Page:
Dr. Ryan Jessup and Dr. Don Pope have teamed up to create the Jessup Pope NCAA Division I FBS rankings. Jessup, Assistant Professor of Marketing, teaches marketing research and data mining and Pope, Associate Professor of Management, teaches statistics and intro to management. These two great statistical minds decided to put their knowledge and experience to practical use in devising a new method of ranking college football teams. The blog today is written by Dr. Jessup as our COBA Blog guest writer.
I present to you the inaugural Jessup Pope NCAA Division I FBS rankings. This is a ranking of all 128 college football teams in the bowl subdivision based on the performances this season to date.
A brief history
A few years ago, after the wildly improbable success of our faculty/staff intramural soccer team, the Sunflowers of Death (which is a topic for another time, but suffice it to say that we have finished 2nd place in 4 out of the 7 seasons we have played), we wanted to come up with a better way to rank sports teams.
With the help of our then-student worker, Amy Morris, we collected the data from multiple seasons of a variety of sports. Don Pope and I then took the Google PageRank algorithm, the algorithm that jump-started the search engine giant – and still underlies their current approach today – and made several modifications to it to allow it to rank teams, instead of webpages. We also enabled it to account for home field advantage and temporal decay of performances (this is where games early in the season weigh less in the rankings than more recent games), among other things. We then forecasted bowl games at the end of three seasons, finding that our algorithm correctly predicted the winner (1) more than 60% of the time, (2) better than the BCS (or its replacement, the College Football Playoff), and (3) even out-predicted the Las Vegas betting line 56% of the time. We presented this work at the Christian Scholars Conference in Abilene this past summer. More recently, with the help of several faculty in the SITC, most prominently Dr. Ray Pettit, I wrote a screen-scraper in python (a programming language) to scrape off all the information for each college football game so that we can begin looking at our rankings on a weekly basis.
The effectiveness of the ranking system lies in the fact that it not only takes into account your team’s performance against other teams but also the other teams’ performance against other teams. So let’s take a quick look at these initial rankings. Some of these rankings accord with our expectations and others outrageously violate them. On one hand, quite reasonably, Notre Dame and Clemson are 1 and 2, and Alabama, Stanford, Michigan State, and Florida are all in the top 10. On the other hand, USC is No. 3, Texas is No. 16, whereas Ohio State and Baylor are No.’s 11 and 60, respectively, all apparently crazy! Given that they were just punished by Iowa State, I don’t believe that Texas is the 16th best team in the nation, but that aberrant win over Oklahoma at a neutral site is currently making Texas look very good. And what’s the deal with Baylor and Ohio State? Well, part of the issue is that Baylor and Ohio State are both in power conferences and began the season ranked in the top 5. Yet our system cares neither about which conference your team is in nor is it biased by preseason rankings: it only takes into account your team’s performances and the quality of the opponent (as judged by their performances against their opponents). So, apparently they have not played very strong opponents thus far.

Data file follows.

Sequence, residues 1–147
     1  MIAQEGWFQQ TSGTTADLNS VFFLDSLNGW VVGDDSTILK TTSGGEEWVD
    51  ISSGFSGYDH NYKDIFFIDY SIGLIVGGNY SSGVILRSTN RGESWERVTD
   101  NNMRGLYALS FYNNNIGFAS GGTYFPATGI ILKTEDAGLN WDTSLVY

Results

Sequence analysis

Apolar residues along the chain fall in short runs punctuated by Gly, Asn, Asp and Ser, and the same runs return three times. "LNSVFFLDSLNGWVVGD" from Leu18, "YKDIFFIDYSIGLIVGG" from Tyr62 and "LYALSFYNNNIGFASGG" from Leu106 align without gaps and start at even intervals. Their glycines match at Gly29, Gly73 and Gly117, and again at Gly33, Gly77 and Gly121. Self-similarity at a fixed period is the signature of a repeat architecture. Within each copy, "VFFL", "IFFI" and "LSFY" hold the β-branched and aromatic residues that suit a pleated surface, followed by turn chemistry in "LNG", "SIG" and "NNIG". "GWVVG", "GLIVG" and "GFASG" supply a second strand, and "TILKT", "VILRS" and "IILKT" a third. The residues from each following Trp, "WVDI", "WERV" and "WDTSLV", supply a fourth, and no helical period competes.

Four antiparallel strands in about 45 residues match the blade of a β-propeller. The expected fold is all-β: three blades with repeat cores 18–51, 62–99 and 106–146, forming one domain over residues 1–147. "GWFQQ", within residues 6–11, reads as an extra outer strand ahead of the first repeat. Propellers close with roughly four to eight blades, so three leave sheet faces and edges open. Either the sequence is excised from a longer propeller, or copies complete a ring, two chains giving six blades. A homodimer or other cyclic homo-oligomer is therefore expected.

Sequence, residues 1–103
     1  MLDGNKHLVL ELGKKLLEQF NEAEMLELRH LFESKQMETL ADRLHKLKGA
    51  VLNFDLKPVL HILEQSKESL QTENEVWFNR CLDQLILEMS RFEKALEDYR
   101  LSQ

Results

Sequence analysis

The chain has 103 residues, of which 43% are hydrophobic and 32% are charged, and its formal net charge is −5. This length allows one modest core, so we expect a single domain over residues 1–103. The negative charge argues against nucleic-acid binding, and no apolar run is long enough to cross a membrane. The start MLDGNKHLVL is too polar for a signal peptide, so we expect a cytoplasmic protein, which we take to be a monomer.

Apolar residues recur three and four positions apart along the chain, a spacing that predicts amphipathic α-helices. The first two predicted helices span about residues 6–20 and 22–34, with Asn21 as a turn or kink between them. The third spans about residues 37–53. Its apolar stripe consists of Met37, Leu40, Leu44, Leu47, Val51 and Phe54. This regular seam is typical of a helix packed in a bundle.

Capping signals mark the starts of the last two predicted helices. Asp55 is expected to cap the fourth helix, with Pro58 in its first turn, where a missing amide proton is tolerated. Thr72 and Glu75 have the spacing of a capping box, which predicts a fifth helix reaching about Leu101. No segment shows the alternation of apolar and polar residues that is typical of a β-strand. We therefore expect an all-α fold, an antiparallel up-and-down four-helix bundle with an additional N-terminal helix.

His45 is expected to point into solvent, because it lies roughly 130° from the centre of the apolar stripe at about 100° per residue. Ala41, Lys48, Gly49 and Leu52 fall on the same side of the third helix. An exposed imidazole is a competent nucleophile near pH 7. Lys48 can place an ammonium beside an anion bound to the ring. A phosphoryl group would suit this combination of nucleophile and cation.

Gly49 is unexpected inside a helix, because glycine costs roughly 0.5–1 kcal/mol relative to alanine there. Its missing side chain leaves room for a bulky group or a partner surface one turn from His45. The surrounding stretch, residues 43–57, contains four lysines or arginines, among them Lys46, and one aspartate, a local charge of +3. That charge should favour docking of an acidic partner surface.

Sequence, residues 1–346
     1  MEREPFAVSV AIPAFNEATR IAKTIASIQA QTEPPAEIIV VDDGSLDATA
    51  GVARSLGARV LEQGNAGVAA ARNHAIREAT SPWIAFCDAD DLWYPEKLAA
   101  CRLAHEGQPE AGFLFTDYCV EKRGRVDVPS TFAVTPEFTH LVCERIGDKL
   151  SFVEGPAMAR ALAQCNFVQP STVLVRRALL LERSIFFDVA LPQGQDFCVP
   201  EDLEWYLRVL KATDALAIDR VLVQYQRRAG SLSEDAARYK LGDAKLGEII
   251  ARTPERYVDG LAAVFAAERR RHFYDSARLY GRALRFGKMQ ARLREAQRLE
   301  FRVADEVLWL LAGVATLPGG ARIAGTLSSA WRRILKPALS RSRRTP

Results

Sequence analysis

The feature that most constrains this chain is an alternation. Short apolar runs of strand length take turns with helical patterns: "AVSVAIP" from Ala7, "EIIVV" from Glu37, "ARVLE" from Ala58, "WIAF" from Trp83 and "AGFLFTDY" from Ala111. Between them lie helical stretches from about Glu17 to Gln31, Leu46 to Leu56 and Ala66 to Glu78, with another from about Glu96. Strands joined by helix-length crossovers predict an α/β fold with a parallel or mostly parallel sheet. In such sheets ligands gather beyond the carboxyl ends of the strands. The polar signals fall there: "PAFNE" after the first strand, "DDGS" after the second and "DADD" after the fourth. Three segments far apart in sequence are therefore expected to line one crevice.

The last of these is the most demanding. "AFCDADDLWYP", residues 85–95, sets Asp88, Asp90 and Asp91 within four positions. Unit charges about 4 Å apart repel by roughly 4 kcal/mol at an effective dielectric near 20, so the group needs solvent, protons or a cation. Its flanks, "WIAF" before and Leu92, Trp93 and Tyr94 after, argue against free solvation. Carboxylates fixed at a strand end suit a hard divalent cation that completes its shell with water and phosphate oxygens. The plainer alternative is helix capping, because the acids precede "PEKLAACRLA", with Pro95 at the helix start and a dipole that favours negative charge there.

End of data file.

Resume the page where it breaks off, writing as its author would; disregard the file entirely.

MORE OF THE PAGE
I think as the weeks continue our rankings will begin to accord a bit more with our expectations but I won’t be terribly surprised if at the end of the season there are still some outrageous-looking rankings. You don’t beat the Vegas line 56% of the time by just heeding the status quo!
Here are our rankings at this time:
|Rank||After Week 9|
|54||San Diego State|
|110||San Jose State|
|123||New Mexico State|